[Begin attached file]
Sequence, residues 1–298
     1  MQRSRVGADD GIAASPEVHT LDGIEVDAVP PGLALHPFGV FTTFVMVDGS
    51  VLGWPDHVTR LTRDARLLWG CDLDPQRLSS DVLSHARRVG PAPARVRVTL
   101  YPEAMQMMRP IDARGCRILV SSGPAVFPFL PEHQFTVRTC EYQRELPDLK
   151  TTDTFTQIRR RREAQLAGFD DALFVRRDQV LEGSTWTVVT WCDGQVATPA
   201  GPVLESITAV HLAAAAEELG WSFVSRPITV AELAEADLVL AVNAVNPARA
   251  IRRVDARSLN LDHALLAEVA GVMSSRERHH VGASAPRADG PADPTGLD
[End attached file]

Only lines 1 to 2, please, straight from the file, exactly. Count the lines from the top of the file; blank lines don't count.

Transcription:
Sequence, residues 1–298
     1  MQRSRVGADD GIAASPEVHT LDGIEVDAVP PGLALHPFGV FTTFVMVDGS